Cyber-thieves have set their sights on C-level executives with sophisticated social-engineering techniques designed to steal data, according to security researchers at MessageLabs.
In its monthly report, MessageLabs recorded a sudden spike in the number of targeted attacks June 26, intercepting some 500 attacks that used e-mails with Microsoft Word document attachments containing malicious code.
The surge, while unusual in its magnitude, follows an increase in the number of targeted attacks MessageLabs researchers have seen during the past few years, said Mark Sunner, chief security analyst for MessageLabs, in Gloucester, England.
“What we are dealing with here is data theft of the highest order,” he said, adding that the document attachments in the e-mails contained Trojans that allow for remote code execution.
In the case of the blast of 500 e-mails June 26, the attacks were so precise that the name and job title of the recipient were included in the subject line. Roughly 30 percent of the e-mails targeted CIOs, while CEOs and presidents were targeted about 11 percent and 9 percent of the time, respectively.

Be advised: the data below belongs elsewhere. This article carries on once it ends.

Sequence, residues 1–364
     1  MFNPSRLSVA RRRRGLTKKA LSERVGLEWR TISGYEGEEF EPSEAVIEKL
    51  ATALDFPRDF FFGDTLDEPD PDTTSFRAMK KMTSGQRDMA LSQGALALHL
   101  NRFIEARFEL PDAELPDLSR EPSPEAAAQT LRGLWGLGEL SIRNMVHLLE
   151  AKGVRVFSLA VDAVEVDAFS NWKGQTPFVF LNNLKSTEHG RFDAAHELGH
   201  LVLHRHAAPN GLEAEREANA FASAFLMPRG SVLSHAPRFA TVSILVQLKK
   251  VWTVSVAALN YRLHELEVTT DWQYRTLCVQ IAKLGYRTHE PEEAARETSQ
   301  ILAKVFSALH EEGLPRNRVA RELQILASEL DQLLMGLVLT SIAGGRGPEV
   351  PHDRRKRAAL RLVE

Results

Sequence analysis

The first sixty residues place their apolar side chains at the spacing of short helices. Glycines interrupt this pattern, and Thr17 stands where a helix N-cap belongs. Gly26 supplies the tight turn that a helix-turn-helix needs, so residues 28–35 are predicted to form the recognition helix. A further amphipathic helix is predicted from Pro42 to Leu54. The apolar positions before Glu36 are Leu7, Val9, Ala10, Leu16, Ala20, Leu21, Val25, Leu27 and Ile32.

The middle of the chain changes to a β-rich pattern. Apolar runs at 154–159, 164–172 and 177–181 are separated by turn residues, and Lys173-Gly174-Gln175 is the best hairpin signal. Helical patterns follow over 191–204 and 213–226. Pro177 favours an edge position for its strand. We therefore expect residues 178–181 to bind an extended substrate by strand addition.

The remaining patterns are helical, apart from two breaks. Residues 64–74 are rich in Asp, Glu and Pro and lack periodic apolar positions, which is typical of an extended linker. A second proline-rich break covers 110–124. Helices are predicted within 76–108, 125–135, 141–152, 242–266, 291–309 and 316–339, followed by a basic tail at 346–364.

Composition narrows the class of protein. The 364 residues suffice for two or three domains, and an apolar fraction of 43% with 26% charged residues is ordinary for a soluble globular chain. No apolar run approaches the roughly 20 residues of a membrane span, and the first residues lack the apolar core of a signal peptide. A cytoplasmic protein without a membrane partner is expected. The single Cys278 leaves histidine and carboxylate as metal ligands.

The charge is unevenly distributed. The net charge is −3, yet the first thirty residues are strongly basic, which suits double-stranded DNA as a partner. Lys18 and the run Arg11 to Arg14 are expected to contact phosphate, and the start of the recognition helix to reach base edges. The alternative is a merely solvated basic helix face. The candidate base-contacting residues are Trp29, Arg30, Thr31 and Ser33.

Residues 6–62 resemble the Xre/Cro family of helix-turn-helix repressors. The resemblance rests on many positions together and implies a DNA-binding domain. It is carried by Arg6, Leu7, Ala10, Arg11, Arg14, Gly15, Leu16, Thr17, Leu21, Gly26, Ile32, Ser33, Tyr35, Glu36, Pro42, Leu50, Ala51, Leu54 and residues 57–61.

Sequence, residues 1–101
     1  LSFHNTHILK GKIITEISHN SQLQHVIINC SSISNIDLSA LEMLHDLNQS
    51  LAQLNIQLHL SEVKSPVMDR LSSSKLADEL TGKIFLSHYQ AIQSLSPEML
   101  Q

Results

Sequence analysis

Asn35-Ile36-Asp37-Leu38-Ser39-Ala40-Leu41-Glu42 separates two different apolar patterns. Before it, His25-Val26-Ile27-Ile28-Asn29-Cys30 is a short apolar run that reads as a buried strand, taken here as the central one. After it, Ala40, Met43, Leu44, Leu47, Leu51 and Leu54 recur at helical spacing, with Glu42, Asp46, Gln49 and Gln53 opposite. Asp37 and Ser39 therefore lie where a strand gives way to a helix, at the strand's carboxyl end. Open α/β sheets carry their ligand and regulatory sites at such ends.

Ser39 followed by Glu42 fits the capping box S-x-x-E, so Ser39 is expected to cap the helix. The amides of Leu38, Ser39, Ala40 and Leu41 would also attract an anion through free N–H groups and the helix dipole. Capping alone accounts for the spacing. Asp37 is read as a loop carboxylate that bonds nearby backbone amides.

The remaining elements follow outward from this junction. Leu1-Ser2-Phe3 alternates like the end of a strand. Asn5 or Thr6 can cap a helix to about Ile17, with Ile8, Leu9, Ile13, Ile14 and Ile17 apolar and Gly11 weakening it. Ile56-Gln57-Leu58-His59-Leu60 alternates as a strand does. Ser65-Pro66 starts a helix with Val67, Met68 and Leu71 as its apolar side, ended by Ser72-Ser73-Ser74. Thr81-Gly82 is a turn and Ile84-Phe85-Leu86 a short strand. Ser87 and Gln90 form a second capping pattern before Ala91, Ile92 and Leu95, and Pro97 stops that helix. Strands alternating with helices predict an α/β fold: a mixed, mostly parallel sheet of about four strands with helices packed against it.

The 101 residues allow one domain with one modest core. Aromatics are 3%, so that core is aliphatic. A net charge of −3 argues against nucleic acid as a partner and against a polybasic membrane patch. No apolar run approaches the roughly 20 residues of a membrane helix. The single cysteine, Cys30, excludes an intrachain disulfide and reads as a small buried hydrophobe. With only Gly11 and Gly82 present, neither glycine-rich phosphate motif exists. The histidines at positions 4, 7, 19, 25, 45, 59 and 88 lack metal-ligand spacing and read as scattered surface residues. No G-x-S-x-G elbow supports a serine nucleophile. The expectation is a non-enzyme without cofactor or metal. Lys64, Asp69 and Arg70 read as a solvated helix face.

In the report, MessageLabs officials stated researchers also uncovered e-mails where the recipients were relatives of the actual target. For example, an e-mail would be sent to the spouse of the CEO.
“The intent is to compromise the family computer and indirectly gain access to confidential correspondence and intellectual property relating to the target,” according to the report.
Phishing attacks have become much more targeted as well, with e-mails that feature the recipients correct name and e-mail address in the “To” and “Subject” lines, according to the report.
The report also noted that image spam now accounts for 20 percent of all spam targeting businesses, and that it has evolved from static, in-line attachments to dynamic hosted images often linked to stock spam messages.
“The earliest examples appeared during June in the form of Adobe PDF attachments, constructed to appear as a professionally designed, legitimate stock trading newsletter,” the report reads. “These PDF attachments often contain images that also appear in more traditional image spam highlighting the recycling techniques of spammers by using old tools and images in new ways.”
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